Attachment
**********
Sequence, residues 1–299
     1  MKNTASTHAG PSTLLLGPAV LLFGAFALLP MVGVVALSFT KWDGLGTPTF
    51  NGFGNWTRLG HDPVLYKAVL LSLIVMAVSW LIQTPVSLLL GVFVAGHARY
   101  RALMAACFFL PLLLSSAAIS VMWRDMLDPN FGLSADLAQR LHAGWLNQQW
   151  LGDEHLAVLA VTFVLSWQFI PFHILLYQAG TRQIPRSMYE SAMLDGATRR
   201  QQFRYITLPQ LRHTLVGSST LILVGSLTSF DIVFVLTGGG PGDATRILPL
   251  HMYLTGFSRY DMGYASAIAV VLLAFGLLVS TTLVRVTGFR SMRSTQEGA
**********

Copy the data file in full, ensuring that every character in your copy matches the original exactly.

Sequence, residues 1–299
     1  MKNTASTHAG PSTLLLGPAV LLFGAFALLP MVGVVALSFT KWDGLGTPTF
    51  NGFGNWTRLG HDPVLYKAVL LSLIVMAVSW LIQTPVSLLL GVFVAGHARY
   101  RALMAACFFL PLLLSSAAIS VMWRDMLDPN FGLSADLAQR LHAGWLNQQW
   151  LGDEHLAVLA VTFVLSWQFI PFHILLYQAG TRQIPRSMYE SAMLDGATRR
   201  QQFRYITLPQ LRHTLVGSST LILVGSLTSF DIVFVLTGGG PGDATRILPL
   251  HMYLTGFSRY DMGYASAIAV VLLAFGLLVS TTLVRVTGFR SMRSTQEGA